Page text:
Cloquet School Board finalizes budget cutsThe Cloquet School Board approved just over $514,000 in budget cuts for the 2012-13 school year at its Monday meeting.
By: Jeff Papas, Pine Journal
The Cloquet School Board approved just over $514,000 in budget cuts for the 2012-13 school year at its Monday meeting.
Two weeks ago, board members were presented with approximately $600,000 in proposed cuts but that original list was amended at a special meeting March 22 – and amended again at Monday’s meeting.
The cuts passed by the board do not affect the band program nor the Family and Consumer Science (FACS) program. Both had been part of the original cut list, with band going from two teachers to one and the FACS program eliminated altogether. Both programs will now remain in their current form.
FACS teacher Sue Hagberg said in a phone interview on Wednesday morning that she and her students were “happy to be back,” noting that was the third time in four years the FACS program has been on the chopping block.
“Our [FACS] classes take the things the kids learn in English, Science and Math, and we make it practical,” she said, adding that there is enough interest for 12 FACS classes next year, but only six are offered. “They study genetics in science, but in Child Studies they research a childhood disability and may work with kids who are affected by that disability. And cooking class really is food experiments, plus they’re doing math all the time with the measuring and doubling of recipes.”
While band and FACS were saved – for the 2012/2013 school year – the board did find other ways to address the budget shortfall. An amended list generated at the March 22 special meeting (See “District hears from public”) raised the amount of proposed cuts in teacher development from $20,000 to $40,000 and added $19,000 to estimates in savings generated by district retirements.
Cloquet High School Principal Warren Peterson expressed relief that the band and FACS programs had been spared, but the longtime administrator wasn’t exactly jumping for joy, noting that the district has reached the point of “triage” with budget cuts [after close to a decade of decreased state funding].
Class size was also a concern, particularly in the elementary grades. On Monday, the board voted to remove a line from the cut sheet regarding increasing of class sizes, though it reserved the right to revisit that line in the future.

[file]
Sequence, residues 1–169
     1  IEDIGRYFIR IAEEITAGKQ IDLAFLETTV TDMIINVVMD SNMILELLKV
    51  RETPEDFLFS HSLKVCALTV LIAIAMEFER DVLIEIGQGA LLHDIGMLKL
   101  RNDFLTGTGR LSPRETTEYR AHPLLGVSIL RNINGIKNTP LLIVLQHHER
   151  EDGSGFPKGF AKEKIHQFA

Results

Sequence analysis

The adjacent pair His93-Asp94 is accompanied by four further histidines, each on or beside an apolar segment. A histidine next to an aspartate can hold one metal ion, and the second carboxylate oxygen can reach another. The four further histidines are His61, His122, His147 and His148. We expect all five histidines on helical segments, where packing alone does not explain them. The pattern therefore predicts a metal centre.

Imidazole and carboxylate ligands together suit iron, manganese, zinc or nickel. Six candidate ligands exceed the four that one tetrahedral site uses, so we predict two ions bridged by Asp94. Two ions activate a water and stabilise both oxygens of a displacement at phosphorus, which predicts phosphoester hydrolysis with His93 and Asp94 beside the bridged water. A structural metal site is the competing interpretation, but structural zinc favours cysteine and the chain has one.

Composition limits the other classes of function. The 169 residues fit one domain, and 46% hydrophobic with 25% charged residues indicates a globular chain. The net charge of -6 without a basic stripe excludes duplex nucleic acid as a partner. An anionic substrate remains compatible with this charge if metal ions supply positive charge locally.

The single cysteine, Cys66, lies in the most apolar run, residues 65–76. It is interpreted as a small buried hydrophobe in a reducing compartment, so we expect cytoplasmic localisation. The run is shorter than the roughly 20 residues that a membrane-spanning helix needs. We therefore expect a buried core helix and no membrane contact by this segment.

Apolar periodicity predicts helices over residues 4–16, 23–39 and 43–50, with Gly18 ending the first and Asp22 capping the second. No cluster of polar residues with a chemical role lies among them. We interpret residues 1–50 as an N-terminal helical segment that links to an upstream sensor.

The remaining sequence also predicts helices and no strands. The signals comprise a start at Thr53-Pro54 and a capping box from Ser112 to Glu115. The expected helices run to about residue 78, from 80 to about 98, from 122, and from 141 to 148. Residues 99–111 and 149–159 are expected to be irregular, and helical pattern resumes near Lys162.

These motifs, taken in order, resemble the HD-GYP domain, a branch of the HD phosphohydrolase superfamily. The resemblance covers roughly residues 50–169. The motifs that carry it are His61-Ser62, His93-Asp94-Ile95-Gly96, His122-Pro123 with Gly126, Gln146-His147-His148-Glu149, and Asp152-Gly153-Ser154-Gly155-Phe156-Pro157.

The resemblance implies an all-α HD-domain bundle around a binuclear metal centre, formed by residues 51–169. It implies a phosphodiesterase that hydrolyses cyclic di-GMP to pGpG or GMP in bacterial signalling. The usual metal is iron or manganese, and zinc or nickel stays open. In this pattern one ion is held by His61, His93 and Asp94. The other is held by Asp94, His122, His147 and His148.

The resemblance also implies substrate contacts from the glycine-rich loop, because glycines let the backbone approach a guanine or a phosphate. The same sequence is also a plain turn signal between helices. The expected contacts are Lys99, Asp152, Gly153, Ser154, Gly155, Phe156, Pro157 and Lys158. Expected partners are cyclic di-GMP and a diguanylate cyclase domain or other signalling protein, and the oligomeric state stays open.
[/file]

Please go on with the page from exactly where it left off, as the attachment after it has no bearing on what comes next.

Board members expressed concern that fifth-grade class sizes might rise to more than 30 students per section next year and asked administration to provide additional information.
“We would need to add a section of fifth-graders next year to keep the average class size under 30,” board member Sandy Crowley said.
That revision brought the total estimated cuts for next year to $514,690 – just short of halfway to erasing the district’s anticipated $1.2 million shortfall next year.
The fifth-grade classes weren’t the only ones up for debate. Discussion at Monday’s meeting also centered around the reduction of first-grade sections next year from nine in this year’s kindergarten class to eight in next fall’s first-grade classes. The shifting has raised the possibility of some students being moved between the two elementary schools next year.
The issue won’t be revisited until after the coming roundup meetings.
“It’s possible we might realize savings if the number of kindergarten students is up,” Superintendent Ken Scarbrough said. That would increase the district’s per-pupil allotment from the state and indirectly ease the financial burden.
In other actions, board members voted down a resolution to hold a primary election for three open seats on the board on a 3-3 tie vote. Board members Jim and Sandy Crowley joined Duane Buytaert in voting against a primary, with Dave Battaglia joining Dan Danielson and board chair Gary Huard in voting for it.
Carlton County Auditor/Recorder Paul Gassert said the vote means that all candidates for the board this fall will advance directly to the general election.
The board will also consider three new policy changes in the coming weeks. The first will pertain to how the district will handle parent requests for specific teachers for their children. The second will pertain to conflict resolution when students must handle scheduling conflicts between extracurricular activities and other activities such as non-sanctioned competitions and vacations. The third will pertain to finding an official definition of the term ‘fund balance’.
“We have a lot of numbers being used,” Buytaert said. “It would be good to have a formal definition.”
Pine Journal Editor Jana Peterson contributed to this story.